31. 31. Social Media Assessment WorkbookSTEP 6Finding the Right TacticsPart 1: Dissecting a successful socialmarketing architectureThe number of social media sites in your social marketing architecture is notimportant. What is important is that they each have a clearly defined purpose thatsupports your tactical plan of action.Many of the most successful social marketing architectures have a common structurebased on a hub and spoke design. In a hub and spoke design, the sites at the centerof the architecture are destination points for content and conversion. The surroundingsites are for building communities, engaging friends, fans and followers, and directingthem into the hub of the architecture to obtain content – eventually converting themto a lead or customer.The following is a dissection of a very successful social marketing architecturedeveloped by Cisco Systems for their Collaboration solutions.ExampleThe hub and spoke architecture for Cisco’s Collaboration solutions ©2010 MarketingSherpa Social Marketing Benchmark Survey
  32. 32. Social Media Assessment WorkbookSTEP 6Part 2: Worksheet: Constructingyour social marketing architectureDefine the purpose of platforms and brands selected and roll-out sequence. Hub Sites Purpose of Hub Site Roll-Out Spoke Sites Purpose of Spoke Site Roll-OutNote: Your hub site does not have to be a web site, it could be a blog or Facebook page.
  33. 33. Social Media Assessment WorkbookSTEP 6Part 3: Sample Sites to Choose From• Website• Blog• Microblog• Social Network• Multimedia Sharing• Bookmarking / News• Community / Forums• Partner / Third Party
  34. 34. Social Media Assessment WorkbookSTEP 6Part 4: Worksheet: Constructing yoursocial marketing architectureUse this worksheet to create a tactical plan of action. Be realistic. Over-communicatingis fine unless you have nothing to say, which may contribute to losing fans/followers. Q1 Week / Frequency Tactic / Task Resource 1 2 3 4 5 6 7 8 9 10 11 12 13 Blogging Microblogging Social Networking Multimedia Content Sharing OTHER
  35. 35. Social Media Assessment WorkbookResourcesCase study: Doubling sales through social mediaThe social media strategy series: Getting Buy In Making the business case for social media &...How to: Use Social Media for Lead GenerationHow Does Social Media Aid Lead GenerationDeveloping an Appropriate Social Media BudgetB2B Social Media Marketing for Brand Awareness and Thought LeadershipHow One Mid-Sized Business is Using Social Media to Build Awareness and Increase SalesBuild Thought Leadership Through Social NetworkingSocial media and thought leadership: The virtuous circle for B2B marketingHow to Become a Thought Leader in Six Steps16 top podcasts . social media, marketing and moreShut Up & ListenRisk-takers and Strategists: Jeremiah Owyang on Long-Term Social Media PlanningSuperlist of What NOT to do in Social MediaGet Started with Social Media5 Social Media Best Practices for BusinessBest and Worst Practices Social Media Marketing6 Social Networking Faux Pas to Avoid6 Steps to Getting Started in B2B Social MediaYour Social Media Fix: 50 Social Media Podcasts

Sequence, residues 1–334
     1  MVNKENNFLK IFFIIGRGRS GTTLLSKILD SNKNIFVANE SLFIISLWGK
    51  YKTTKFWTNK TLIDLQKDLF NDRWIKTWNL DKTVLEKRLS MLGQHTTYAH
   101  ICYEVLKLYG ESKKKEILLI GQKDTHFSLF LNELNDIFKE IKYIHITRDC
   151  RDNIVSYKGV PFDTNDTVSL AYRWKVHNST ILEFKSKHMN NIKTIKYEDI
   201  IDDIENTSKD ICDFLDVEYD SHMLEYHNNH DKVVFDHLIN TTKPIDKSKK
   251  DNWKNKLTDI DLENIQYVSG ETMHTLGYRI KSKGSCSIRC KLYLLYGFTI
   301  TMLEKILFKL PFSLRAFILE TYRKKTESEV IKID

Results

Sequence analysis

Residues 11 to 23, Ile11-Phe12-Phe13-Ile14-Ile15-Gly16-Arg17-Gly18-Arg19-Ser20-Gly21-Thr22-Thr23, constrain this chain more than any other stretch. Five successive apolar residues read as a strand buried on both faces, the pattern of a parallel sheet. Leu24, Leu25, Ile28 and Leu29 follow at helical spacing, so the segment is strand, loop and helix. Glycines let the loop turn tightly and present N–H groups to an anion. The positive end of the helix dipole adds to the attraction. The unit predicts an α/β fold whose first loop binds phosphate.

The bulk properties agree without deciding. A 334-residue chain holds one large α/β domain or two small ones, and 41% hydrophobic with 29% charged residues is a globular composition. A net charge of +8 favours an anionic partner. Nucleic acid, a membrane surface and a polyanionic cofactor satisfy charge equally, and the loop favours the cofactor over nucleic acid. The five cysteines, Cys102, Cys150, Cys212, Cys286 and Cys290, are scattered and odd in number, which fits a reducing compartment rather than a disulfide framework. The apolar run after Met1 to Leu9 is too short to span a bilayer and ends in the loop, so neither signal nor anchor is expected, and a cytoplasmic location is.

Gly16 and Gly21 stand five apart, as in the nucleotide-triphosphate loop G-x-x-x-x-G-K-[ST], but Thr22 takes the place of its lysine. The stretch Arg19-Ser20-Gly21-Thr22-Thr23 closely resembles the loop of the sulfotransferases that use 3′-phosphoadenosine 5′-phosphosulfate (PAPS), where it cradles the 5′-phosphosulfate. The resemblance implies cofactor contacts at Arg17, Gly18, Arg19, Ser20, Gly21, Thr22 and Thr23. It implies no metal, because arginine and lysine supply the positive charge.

36. 36. Social Media Assessment WorkbookResourcesHow Audience Research Can Help You with Your Traditional Marketing EffortsHow To Develop a Social Media Strategy: A Roadmap for IntegrationHow to Convert Your Facebook Superfans Into Brand Ambassadors5 Tips for Finding Time for Social Media12 Steps To Hiring A Social Media ManagerSocial Media Time Management: Resource AllocationROI: How to Measure Return on Investment in Social MediaAnswering the Social PhoneHow to Answer the Social PhoneHow to Monitor Your Social Media Presence in 10 Minutes a DayWhy You Need to Monitor and Measure Your Brand on Social Media5 Objectives for Social Media MeasurementSocial Media Planning & Measurement8 Social Media Metrics You Should Be MeasuringSocial Media Metrics Superlist: Measurement, ROI, & Key Statistics Resources10 business blogging best practicesUse microblogging to increase productivityHow to use social bookmarking to promote your businessHow to use social bookmarking for businessTop 10 YouTube tips for small businessesHow to use YouTube to drive businessAre your business bookmarks Media + Multimedia = Social Multimedia